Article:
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Vifitation of the Virgin Mary. This festival was instituted in the year 1441, by Urban VI. to allay the ferment which had been excited by. the opposite claims of himself and Clement VII. to the Papacy. The day was dedicated to the remembrance of the journey, taken by the Virgin Mary into the deserts of Judea to visit the mother of John the Baptist; to the end "that the being honoured with this folemnity, might reconcile her “Son by her intercellion, who is now angry for the fins of men; and that " she might grant peace and unity among the faithful.”

Translation of St. Martin. The 4th of July is dedicated to the removal of the remains of this faint (who was first a soldier, and afterwards Bishop of Tours in France) from the place of their original obscure interment to a fepulchre of expence and magnificence: this was performed by Bishop Perpetuus, one of his successors in the fee.

I Swithun, bishop of Winchester; commonly called the crying faint, from the traditional Observation, that if there be rain on his day, there will be rain more or less for forty days after. The occasion of this tradition is thus explained in the Antiquitates Vulgares: “ The Monks do indeed

give some fhew of reason why rain should happen about the time of St. Swithun; for about the time of his feast there are two rainy constella"tions, Precepe, and Afellus, which arise cosmically, and generally pro* duce rain." Swithun was first a monk, afterwards prior of the convent of Winchester, and promoted to the fee in 852. It is recorded, as an instance of his humility, that he would not be buried in the church, aś bithops always were, but in the church-yard.

| Margaret. A virgin who suffered martyrdom A. D. 278, in confequence of her refusing to marry Olybius, president of the East, under the Romans. The papilts regard her memory with much respect, and conlider her (as the Romans did Lucina) che tutelary faint of women in labour.

St. Mary Magdalene, or of Magdala. This day continued to be a festival for some years after the Reformation in this country. The first Prayer-Book of Edward Vith contained a service for it. The Epitle was part of the 31st chapter of Proverbs, from the roth verse to the end; the Gospel was the 7th chapter of Luke, from verse 36; and the Collect was as follows: “ Merciful Father, give us grace that we never presume to sin " through the example of any creature; but if it shall chance us at any " time to offend thy Divine Majesty, that then we may truly repent and la"ment the same, after the example of Mary Magdalene; and by a lively “ faith obtain remission of all our sins, through the only merits of thy Son "our Saviour Christ. Amen.” As it became a doubt, however, with our Reformers afterwards, whether Mary Magdalene were the woman men. tioned in Luke vii. or not, the festival was ordered to be discontinued.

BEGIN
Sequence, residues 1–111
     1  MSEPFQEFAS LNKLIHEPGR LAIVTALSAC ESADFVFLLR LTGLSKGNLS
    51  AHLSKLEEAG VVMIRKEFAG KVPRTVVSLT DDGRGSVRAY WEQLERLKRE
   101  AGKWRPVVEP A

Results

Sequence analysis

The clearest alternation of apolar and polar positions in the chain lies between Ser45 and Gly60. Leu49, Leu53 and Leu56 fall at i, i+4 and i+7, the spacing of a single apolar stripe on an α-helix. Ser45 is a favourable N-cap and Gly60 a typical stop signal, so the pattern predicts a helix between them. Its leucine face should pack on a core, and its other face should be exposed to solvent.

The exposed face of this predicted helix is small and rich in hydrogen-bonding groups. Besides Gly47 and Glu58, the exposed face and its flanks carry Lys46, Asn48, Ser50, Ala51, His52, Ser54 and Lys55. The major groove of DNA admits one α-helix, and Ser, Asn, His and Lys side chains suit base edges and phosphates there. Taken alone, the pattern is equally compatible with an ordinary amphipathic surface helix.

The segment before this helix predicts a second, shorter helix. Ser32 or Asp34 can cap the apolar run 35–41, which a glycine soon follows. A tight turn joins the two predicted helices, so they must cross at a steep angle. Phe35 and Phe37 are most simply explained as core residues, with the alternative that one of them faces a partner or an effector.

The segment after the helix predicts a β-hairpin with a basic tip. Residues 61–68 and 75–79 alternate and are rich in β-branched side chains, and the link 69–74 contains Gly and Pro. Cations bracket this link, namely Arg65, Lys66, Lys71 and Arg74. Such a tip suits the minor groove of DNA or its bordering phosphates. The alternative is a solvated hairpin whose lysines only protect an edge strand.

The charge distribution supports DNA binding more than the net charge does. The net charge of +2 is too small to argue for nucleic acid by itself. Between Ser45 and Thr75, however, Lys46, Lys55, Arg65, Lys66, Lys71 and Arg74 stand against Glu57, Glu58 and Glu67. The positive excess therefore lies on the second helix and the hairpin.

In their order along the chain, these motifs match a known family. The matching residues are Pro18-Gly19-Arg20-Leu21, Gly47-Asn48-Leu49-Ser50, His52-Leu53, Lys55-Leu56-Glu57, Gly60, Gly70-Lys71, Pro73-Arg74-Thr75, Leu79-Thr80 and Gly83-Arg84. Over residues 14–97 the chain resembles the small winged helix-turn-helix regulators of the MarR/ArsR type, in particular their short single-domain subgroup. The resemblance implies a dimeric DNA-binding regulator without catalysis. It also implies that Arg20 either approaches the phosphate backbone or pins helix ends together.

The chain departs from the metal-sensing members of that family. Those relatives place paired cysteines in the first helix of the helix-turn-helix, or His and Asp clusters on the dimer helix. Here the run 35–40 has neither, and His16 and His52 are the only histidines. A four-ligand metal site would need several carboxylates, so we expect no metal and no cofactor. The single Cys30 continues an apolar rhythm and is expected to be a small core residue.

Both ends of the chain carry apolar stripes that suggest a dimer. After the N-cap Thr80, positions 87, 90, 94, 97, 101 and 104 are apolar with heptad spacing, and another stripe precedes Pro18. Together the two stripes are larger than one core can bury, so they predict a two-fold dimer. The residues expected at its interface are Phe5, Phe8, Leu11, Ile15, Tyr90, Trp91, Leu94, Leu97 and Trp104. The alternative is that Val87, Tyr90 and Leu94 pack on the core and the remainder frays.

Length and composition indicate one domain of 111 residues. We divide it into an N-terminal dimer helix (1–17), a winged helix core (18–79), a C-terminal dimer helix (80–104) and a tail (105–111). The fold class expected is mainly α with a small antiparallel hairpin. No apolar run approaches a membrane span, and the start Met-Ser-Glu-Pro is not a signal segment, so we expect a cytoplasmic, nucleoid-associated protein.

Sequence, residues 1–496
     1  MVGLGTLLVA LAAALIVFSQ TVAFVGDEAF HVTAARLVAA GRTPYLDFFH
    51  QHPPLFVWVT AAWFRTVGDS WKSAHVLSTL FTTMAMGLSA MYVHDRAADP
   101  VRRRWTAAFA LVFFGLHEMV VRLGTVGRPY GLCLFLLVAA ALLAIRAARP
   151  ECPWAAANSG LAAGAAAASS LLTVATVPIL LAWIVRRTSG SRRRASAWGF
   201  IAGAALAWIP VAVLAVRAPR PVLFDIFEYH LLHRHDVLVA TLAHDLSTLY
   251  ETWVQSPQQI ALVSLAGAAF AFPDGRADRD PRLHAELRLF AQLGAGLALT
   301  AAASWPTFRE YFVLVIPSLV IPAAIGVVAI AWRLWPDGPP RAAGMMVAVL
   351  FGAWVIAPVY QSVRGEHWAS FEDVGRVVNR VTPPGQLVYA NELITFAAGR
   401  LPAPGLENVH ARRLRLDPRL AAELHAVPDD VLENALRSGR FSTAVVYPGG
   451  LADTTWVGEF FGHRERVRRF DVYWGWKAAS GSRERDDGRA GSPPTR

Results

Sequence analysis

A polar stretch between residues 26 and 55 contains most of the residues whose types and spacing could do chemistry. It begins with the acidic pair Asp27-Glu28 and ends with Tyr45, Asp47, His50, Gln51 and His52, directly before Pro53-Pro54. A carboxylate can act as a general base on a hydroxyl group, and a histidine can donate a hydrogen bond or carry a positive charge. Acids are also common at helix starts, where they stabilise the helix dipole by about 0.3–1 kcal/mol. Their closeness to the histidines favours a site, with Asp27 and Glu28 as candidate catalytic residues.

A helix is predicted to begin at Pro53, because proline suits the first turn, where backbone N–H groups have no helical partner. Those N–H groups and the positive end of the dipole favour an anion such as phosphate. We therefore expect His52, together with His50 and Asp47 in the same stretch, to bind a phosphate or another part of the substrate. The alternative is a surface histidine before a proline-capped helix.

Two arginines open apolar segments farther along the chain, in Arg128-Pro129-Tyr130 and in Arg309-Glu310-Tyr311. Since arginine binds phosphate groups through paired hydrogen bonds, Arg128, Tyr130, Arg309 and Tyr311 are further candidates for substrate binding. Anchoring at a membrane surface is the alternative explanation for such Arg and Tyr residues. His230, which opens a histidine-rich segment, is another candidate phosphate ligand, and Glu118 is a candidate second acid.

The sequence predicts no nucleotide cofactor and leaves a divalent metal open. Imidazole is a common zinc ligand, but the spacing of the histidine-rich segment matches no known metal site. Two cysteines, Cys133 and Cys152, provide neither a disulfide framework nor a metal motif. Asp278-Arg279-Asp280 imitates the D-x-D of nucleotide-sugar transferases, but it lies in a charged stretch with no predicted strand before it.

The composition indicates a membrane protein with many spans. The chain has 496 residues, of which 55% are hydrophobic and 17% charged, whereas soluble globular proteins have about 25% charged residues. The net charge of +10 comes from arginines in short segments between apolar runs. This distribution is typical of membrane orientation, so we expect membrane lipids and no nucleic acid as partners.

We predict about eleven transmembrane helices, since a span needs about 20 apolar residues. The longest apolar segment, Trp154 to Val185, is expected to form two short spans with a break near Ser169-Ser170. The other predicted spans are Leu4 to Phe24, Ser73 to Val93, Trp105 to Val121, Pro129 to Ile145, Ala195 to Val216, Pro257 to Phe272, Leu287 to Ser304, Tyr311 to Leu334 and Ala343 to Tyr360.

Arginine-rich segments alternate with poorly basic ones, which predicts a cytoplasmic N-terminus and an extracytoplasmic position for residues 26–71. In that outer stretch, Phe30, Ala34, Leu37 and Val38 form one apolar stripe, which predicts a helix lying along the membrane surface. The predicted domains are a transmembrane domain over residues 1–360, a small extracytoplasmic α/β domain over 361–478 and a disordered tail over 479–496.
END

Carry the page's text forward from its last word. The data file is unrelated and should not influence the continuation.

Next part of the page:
St. Anne. In a fragment of Hippolitus the Martyr, preserved to us by Nicephorus, we find the following mention of this holy female : "There were three sisters of Bethlehem, daughters of Matthan the priest, " and Mary his wife, under the reign of Cleopatra, and Casopares king "of Persia, before the reign of Herod, the son of Antipater. The eldelt " was Mary; the second was Sobe; the youngest's name was Anne. The "eldeft, being, married in Bethlehem, had for daughter Salome the "midwife. Sobe, the second, likewise married in Bethlehem, and was " the mother of Elizabeth. Last of all the third married in Gallilee, and * brought forth Mary the mother of Christ."

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Lammes. Various reasons are given for the application of this name to the first of Auguit. Some fuppofe it to be called Lammas, or Lamb-Mats; because on that day the tenants holding lands under the cathedral of York were bound by their tenure to bring a live larb into the church at high-mafs on that day. Somner derives it from the Saxon word Loaf-Mafs, it being an ancient custom with the Saxons to offer upon that day a certain number of loaves made of new wheat, as the first-fruits of their corn.